INSUFFICIENT EVIDENCE FOR SALMON FARM MORATORIUM
Insufficient evidence for salmon farm moratorium. Calls for a moratorium on new salmon farms in Scotland’s waters have been rejected by MSPs.
Members of Holyrood’s Rural Economy Committee said there was “insufficient evidence” to support banning new developments – but also stressed the need to “raise the bar” in regulating fish farms.
They also recommended regulators to have the power to step in and shut sites down if there are “serious fish mortality events”.
That was one of 65 recommendations for reform of the salmon farming industry in a report by MSPs on the Rural Economy and Connectivity Committee after an in-depth inquiry into the sector.
The committee highlighted the “economic and social value that the salmon farming industry brings to Scotland” by providing jobs and investment in rural areas.
But they added that the industry “also creates a number of economic, environmental and social challenges for other businesses which rely on the natural environment”.
Regarding concerns about the number of fish that have died in disease outbreaks, the report accepted there is “a level of mortality in in all livestock production” – but added that the current level of deaths was “too high in general across the sector”.
MSPs said they were “very concerned” about the “extremely high mortality rates at particular sites” – saying there should be no expansion at these until the problems are tackled.
The report also stated: “There should be a process in place which allows robust intervention by regulators when serious fish mortality events occur. It considers that this should include appropriate mechanisms to allow for the limiting or closing down of production until causes are addressed.”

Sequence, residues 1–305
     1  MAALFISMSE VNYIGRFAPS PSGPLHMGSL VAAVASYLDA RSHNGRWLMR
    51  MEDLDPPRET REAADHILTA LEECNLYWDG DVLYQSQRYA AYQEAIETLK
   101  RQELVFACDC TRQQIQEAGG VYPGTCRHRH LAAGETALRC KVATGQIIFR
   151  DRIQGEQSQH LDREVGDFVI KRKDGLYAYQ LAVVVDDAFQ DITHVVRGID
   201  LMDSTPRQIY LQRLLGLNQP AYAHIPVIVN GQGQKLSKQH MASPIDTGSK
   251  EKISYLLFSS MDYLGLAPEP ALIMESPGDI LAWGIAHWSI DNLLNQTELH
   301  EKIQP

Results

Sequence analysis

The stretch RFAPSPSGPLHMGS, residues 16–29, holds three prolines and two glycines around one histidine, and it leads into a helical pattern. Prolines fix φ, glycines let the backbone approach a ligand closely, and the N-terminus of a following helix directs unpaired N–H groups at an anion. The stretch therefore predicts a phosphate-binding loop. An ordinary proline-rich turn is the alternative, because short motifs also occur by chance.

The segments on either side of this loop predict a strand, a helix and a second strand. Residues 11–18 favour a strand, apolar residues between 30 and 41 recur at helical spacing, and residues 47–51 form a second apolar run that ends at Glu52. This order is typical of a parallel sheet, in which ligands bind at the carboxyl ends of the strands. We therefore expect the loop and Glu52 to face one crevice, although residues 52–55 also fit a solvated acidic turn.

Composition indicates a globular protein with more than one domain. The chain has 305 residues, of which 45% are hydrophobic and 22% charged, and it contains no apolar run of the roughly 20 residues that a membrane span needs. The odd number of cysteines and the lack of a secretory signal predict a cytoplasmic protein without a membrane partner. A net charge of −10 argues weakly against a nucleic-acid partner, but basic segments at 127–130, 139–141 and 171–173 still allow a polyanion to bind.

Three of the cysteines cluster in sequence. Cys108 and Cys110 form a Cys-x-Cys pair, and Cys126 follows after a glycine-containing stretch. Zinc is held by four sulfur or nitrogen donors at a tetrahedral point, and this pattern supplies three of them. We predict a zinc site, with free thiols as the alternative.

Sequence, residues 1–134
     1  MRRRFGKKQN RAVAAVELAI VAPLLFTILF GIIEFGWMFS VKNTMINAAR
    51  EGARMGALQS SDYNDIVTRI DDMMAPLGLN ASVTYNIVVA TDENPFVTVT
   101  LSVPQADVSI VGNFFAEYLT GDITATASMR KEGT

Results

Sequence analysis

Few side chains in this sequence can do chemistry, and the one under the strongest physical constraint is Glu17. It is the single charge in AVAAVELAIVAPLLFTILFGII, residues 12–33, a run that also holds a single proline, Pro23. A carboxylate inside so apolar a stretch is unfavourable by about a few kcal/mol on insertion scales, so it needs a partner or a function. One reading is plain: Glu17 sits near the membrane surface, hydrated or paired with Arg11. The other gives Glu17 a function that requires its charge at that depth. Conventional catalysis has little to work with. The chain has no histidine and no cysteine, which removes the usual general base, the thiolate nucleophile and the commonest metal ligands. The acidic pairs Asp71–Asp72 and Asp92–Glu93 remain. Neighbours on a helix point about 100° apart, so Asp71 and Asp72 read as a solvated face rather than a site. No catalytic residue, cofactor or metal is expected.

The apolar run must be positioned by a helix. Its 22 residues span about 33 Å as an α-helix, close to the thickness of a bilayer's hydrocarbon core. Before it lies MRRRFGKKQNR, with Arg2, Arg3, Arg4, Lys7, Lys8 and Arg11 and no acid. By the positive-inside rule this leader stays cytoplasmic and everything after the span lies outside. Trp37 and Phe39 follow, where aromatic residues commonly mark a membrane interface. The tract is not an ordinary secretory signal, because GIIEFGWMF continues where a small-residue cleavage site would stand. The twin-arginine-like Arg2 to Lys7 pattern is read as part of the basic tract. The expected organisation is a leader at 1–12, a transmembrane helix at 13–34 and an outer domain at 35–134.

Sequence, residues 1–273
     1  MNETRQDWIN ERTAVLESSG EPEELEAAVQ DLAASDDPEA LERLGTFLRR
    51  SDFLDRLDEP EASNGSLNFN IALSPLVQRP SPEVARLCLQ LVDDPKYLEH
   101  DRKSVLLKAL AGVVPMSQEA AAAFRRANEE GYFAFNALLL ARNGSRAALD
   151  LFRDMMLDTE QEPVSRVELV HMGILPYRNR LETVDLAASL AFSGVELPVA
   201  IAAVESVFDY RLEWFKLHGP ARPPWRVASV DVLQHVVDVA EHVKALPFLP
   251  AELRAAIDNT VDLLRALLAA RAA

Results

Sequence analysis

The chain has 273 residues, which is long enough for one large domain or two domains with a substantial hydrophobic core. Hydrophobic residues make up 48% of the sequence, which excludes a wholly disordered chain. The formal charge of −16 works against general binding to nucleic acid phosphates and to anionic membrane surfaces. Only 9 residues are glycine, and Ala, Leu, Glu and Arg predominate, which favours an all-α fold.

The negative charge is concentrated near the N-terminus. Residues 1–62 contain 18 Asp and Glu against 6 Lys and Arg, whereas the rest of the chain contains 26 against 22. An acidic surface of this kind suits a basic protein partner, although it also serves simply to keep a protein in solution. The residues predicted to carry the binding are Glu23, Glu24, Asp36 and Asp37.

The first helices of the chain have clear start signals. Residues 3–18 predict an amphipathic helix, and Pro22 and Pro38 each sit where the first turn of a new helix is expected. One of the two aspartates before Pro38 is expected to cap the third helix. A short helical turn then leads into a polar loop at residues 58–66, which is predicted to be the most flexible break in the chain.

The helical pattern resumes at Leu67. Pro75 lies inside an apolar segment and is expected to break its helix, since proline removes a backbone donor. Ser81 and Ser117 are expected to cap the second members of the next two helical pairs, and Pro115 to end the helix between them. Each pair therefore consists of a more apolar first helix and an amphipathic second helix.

The MSPs stressed the “highest possible environmental and fish health regulatory standards” should apply to the salmon farming industry in Scotland, but raised concerns that Britain’s decision to leave the European Union could mean that those standards become “misaligned” after Brexit.
This in turn could cause problems for fish farms in Scotland looking to sell to the European market, with the committee saying the Scottish Government should set out how it will work with UK ministers to ensure this issue is addressed.
Overall, the committee found that “maintaining the status quo in terms of the regulatory regime in Scotland is not an option”, as it called for “a comprehensively updated package of regulation should be developed by Marine Scotland and other regulatory bodies, both to ensure the sector will be managed effectively and to provide a strong foundation on which it can grow in a sustainable manner”.
Committee convener Edward Mountain said: “The salmon farming industry offers significant economic and social value to Scotland, providing jobs and investment in rural areas. There is a desire within the industry to grow.
“However, if this is to happen, it is essential that the serious challenges it faces such as the control of sea lice, lowering fish mortality rates and reducing the sector’s impact on the environment are addressed as a priority.”
He added: “If the reputation of Scottish salmon as a premium product is to be maintained, Scotland’s salmon farmers must demonstrate responsible and sustainable production methods.”